No journalist in the world understands US and British intelligence agencies better than Lara Logan. She has sources that make the Washington Post and the New York Times green with envy. Why? Because such sources do not trust WashPo and NYT, they trust her.
There is someone in US power wanted this outcome Logan says. The idea that we didn’t know how well the Taliban was coordinated is preposterous. They did their planning and communications using Twitter, Facebook and WhatsApp. Big tech actively gave aid and comfort to the enemy as if they had permission…. and the only reasonable position to believe so far is that they did. The human cost of all this is yet to be tallied.
[Editor’s Note: The CCP benefits from this in a big way – think Taiwan. Russia benefits as NATO has had its credibility gutted. Who would throw their hat in the ring with us after we betrayed those who helped us in Vietnam, Iraq and now Afghanistan. Someone wanted this.]
The entire one hour video can be seen below:
The Biden administration moved in June to dismantle a system designed to protect American citizens trapped abroad — just months before the Taliban took over Afghanistan, stranding thousands of Americans in the Central Asian country.
Fox News has obtained the June 11 memo sent around the State Department which gave the green light on the “discontinuation of the establishment, and the termination of, the Contingency and Crisis Response Bureau (CCR).”
The sensitive but unclassified memo was signed by Deputy Secretary of State Brian McKeon, just a couple of months before the Biden administration’s botched troop withdrawal that saw Afghanistan fall under Taliban control….
UPDATE – Former Director of National Intelligence (DNI) John Ratcliffe:
4 thoughts on “Lara Logan: The Idea that US Intelligence Did Not See This Outcome (In Afghanistan) is Impossible. They are lying. (video) – UPDATED”
Ari Fleisher – This crisis was created….
Putin Rejected Role for U.S. Forces Near Afghanistan at Summit With Biden
After Afghan withdrawal, U.S. military hopes to position forces temporarily near Afghanistan, but Putin told Biden that Moscow objects
Russian President Vladimir Putin, during a June 16 summit meeting with President Biden, objected to any role for American forces in Central Asian countries, senior U.S. and Russian officials said, undercutting the U.S. military’s efforts to act against new terrorist dangers after its Afghanistan withdrawal.
The previously unreported exchange between the U.S. and Russian leaders has complicated the U.S. military’s options for basing drones and other counterterrorism forces in countries bordering landlocked Afghanistan. That challenge has deepened with the collapse over the weekend of the Afghan government and armed forces.
The exchange also indicates that Moscow is more determined to try to maintain Central Asia as a sphere of influence than to expand cooperation with a new American president over the turmoil in Afghanistan, former and current U.S. officials said.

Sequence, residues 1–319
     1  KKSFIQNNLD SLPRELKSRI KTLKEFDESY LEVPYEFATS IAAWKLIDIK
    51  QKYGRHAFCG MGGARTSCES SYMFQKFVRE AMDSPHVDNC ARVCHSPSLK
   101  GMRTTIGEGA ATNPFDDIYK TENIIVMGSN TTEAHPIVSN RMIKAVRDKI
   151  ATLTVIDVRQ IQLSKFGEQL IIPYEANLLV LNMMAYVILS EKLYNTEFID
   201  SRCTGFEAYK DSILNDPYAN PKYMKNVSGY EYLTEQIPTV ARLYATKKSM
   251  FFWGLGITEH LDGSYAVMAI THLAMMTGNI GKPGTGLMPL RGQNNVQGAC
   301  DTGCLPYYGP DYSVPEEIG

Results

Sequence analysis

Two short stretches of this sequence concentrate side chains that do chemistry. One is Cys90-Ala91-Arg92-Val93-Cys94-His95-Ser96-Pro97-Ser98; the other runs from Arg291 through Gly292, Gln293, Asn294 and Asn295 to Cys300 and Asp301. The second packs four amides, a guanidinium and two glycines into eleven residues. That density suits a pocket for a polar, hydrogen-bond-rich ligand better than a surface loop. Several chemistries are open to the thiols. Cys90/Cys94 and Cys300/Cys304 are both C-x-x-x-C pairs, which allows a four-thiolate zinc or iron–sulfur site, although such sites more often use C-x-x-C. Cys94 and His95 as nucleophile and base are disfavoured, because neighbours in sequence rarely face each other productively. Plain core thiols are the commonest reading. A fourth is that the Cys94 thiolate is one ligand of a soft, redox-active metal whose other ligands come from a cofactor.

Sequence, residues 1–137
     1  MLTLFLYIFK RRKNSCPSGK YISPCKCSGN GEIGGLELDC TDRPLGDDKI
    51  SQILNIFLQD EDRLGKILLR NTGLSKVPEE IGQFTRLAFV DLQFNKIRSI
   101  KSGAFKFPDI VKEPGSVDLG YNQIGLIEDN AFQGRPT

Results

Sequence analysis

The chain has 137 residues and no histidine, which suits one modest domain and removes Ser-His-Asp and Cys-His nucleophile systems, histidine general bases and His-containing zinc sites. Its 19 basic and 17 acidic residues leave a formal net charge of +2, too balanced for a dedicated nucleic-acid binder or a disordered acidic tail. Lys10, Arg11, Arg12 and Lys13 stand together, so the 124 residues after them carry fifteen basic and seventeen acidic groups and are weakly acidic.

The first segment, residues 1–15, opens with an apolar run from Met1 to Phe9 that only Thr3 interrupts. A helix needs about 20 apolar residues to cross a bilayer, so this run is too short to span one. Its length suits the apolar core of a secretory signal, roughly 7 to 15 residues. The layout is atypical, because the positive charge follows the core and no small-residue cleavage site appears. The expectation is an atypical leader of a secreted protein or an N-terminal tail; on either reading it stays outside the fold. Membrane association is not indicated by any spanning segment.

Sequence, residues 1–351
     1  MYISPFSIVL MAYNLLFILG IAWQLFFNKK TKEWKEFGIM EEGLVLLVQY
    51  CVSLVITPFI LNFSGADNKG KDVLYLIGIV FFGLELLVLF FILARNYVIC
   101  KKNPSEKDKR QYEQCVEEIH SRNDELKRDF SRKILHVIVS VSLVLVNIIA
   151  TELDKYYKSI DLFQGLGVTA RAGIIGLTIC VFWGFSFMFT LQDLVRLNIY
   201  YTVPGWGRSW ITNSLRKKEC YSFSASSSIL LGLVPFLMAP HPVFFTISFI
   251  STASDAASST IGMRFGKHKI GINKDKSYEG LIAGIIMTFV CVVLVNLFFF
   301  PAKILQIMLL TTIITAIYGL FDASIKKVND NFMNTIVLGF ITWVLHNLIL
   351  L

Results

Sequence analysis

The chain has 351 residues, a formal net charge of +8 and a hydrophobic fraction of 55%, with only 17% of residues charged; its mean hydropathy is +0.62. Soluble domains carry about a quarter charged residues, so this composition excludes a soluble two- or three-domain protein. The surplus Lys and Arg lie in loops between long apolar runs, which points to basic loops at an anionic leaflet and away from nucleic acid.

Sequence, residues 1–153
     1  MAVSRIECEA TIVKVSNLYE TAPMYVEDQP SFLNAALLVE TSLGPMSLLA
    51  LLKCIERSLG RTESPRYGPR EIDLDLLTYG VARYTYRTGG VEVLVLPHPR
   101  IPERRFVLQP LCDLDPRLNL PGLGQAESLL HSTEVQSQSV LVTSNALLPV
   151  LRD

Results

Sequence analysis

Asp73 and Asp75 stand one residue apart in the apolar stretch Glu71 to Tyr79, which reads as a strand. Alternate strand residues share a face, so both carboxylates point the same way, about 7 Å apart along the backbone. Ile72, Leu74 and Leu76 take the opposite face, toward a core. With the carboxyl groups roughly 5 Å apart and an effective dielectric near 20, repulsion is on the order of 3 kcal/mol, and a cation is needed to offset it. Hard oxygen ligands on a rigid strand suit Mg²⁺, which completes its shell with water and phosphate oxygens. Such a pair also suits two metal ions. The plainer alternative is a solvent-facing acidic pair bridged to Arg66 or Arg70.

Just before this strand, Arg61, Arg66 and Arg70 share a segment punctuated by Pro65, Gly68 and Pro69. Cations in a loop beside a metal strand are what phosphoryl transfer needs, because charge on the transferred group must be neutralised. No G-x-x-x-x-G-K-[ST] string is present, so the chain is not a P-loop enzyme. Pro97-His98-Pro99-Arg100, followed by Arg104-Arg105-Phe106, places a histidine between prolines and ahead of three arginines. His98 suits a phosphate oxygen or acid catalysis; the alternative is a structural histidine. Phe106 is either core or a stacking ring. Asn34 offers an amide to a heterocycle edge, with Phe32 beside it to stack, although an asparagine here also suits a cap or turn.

“The Russians have no interest in having the U.S. back in there,” said Paul Goble, a former State Department expert on Eurasia.
The U.S. requirement for what the Pentagon calls an “over-the-horizon” counterterrorism capability in Afghanistan has grown substantially in recent days with the Taliban takeover.
Without access to Central Asian nations, such as Uzbekistan, Kyrgyzstan or Tajikistan, the U.S. would need to rely on bases in Qatar, other Arab Gulf states and U.S. Navy aircraft carriers in the Indian Ocean to fly aircraft to Afghanistan. Flight times from the Gulf states are so long that a U.S. drone might spend more than 60% of its mission flying to and from Afghanistan from the U.S. base at Al Udeid, Qatar, a former senior U.S. military official said. This would limit the time for conducting reconnaissance or carrying out strikes over the country.
Mr. Putin told Mr. Biden at their Geneva meeting, however, that Moscow was opposed to any U.S. military role in the Central Asian region and that China would reject it as well—a position a senior Russian official reiterated this week. A senior U.S. official said the Russian president emphasized the point even though Mr. Biden didn’t seek Mr. Putin’s support for positioning U.S. military or intelligence assets in the area.
“We do not see how any form of U.S. military presence in Central Asia might enhance the security of the countries involved and/or of their neighbors. It would definitely NOT be in the interests of Russia,” Russian Deputy Foreign Minister Sergei Ryabkov wrote Thursday in a statement emailed to The Wall Street Journal. “This position has not changed against the backdrop of what is transpiring in Afghanistan these days.”
Even maintaining the capability to continue flights from the Gulf region is not without potential diplomatic complications, now that the Taliban control Afghanistan, former officials said.
The U.S. used bases in Uzbekistan and Kyrgyzstan during the early phase of its operations in Afghanistan. But the U.S. left Uzbekistan in 2005 and Kyrgyzstan nearly a decade later after Russia and China pressured countries in the region to curtail their military cooperation with Washington.
Because of its proximity to Afghanistan, Central Asia has been eyed by the U.S. military as a potential hub for conducting drone reconnaissance or drone strikes against terrorist groups in the country. Adding to the humanitarian and diplomatic challenges for Washington, the Taliban offensive has led Afghan refugees and even Afghan military warplanes and helicopters to seek refuge in Central Asian states.